Ranger Donegan splints wrist on Buck Mountain
Town of Gardiner
Wilderness Rescue: On Nov. 12 at 11:40 p.m., Ray Brook Dispatch requested Forest Ranger assistance with the search for two overdue hikers at the Mohonk Preserve. A 47-year-old man and his nine-year-old daughter started hiking at 3 p.m., but were not prepared to hike back in the dark. The pair attempted to bushwhack off trail to get to a road, but were blocked by a rapidly moving creek. The temperature began to drop and it started to rain. The hikers did not have adequate clothing or headlamps and were unfamiliar with the Preserve and its rugged terrain. In addition, the duo did not have cell service to call for help. A family member called 911, but did not know precisely where to direct the responding Rangers. Ranger Rusher, the Ulster County Sheriff’s Office and five Mohonk Rangers searched trails and carriage roads until 3:30 a.m. At 4:15 a.m., the subject had enough service and called his wife. Ranger Rusher determined the hikers’ general vicinity and talked them through bushwhacking back to the closest trail. At 5:45 a.m., Ranger Rusher found the pair on Old Minnewaska trail. The subjects were shivering and wet. Ranger Rusher provided jackets, hats, headlamps, water, and snacks before walking them out of the woods. Resources were clear at 7:15 a.m. DEC reminds hikers that after turning back the clocks recently, it gets darker earlier. Hikers should always have flashlights or headlamps, even if they do not plan to hike at night. Hikers should also let a family member or friend know where they are hiking and when they plan to return.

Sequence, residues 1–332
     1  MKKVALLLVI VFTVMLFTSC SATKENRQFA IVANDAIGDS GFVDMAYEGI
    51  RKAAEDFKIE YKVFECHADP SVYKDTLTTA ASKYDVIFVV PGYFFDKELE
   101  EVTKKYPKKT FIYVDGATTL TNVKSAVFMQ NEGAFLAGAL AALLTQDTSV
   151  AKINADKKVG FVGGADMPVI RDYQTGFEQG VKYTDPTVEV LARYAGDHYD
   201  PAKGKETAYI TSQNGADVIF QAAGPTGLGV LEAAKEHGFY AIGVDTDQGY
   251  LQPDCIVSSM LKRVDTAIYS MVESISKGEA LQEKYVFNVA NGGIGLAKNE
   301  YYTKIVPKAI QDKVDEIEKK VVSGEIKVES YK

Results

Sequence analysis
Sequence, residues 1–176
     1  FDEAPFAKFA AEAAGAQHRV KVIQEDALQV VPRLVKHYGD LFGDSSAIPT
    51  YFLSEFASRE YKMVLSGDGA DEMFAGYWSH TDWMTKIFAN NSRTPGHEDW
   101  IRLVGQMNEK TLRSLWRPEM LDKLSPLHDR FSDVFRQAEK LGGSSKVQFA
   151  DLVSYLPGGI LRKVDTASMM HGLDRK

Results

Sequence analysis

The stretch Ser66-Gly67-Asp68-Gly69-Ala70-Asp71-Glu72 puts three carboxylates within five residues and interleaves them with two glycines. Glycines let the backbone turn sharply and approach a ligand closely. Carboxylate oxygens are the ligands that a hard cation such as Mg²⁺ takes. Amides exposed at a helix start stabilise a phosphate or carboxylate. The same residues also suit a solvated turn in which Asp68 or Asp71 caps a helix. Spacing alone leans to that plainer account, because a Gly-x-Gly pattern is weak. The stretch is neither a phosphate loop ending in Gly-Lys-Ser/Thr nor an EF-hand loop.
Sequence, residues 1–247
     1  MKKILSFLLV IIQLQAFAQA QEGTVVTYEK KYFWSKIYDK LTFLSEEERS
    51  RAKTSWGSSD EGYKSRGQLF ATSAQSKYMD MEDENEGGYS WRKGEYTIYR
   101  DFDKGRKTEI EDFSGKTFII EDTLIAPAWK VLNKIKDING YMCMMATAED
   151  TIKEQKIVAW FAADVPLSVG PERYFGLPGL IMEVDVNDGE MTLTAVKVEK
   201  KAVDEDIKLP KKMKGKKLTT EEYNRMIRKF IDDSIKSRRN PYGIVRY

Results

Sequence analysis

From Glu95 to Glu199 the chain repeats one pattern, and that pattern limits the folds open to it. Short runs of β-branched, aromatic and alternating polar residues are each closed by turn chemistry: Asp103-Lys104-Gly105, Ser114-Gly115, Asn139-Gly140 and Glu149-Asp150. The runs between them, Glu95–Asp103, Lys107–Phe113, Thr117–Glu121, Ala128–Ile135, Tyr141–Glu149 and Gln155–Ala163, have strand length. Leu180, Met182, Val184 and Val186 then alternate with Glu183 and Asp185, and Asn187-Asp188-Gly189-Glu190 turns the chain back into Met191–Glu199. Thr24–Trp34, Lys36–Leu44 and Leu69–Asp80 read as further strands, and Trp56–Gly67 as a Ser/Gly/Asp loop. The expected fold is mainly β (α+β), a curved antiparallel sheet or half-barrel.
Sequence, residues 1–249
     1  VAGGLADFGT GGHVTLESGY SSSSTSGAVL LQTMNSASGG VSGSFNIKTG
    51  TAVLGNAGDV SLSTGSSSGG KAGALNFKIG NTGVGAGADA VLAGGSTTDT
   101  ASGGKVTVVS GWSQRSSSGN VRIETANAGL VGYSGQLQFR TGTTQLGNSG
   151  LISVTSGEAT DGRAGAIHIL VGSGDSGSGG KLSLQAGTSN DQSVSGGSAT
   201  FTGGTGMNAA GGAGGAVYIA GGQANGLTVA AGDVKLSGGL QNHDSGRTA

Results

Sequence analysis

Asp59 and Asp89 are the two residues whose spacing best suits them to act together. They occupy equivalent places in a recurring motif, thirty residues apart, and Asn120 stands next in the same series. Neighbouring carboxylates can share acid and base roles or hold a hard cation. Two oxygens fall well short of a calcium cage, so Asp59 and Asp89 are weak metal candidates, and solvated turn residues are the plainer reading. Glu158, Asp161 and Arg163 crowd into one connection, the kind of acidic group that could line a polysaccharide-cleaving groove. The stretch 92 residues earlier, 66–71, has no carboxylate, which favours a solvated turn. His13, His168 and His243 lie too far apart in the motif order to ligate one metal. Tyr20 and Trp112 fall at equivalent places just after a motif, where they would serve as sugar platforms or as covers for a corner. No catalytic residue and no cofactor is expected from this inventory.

Hamlet of Port Ewen
Wilderness Recovery: On Nov. 13 at 7:30 a.m., Forest Ranger Martin was the incident commander in the search for a missing woman in Port Ewen. Rangers Cowart, Fox, Franceschina, Parlier, and Sweeney responded with other volunteers and the missing subject’s family. The search included a mounted horse, drone, and intensive searching through tough vegetation. At 3:45 p.m., the family found the 74-year-old approximately 600 feet from her house. Rangers believe she fell while walking on her property and was unable to make it back to the house.
Search for missing subject in Port Ewen
Be sure to properly prepare and plan before entering the backcountry. Visit DEC’s Hike Smart NY, Adirondack Backcountry Information, and Catskill Backcountry Information webpages for more information.
If a person needs a Forest Ranger, whether it’s for a search and rescue, to report a wildfire, or to report illegal activity on state lands and easements, they should call 833-NYS-RANGERS. If a person needs urgent assistance, they can call 911. To contact a Forest Ranger for information about a specific location, the DEC website has phone numbers for every Ranger listed by region.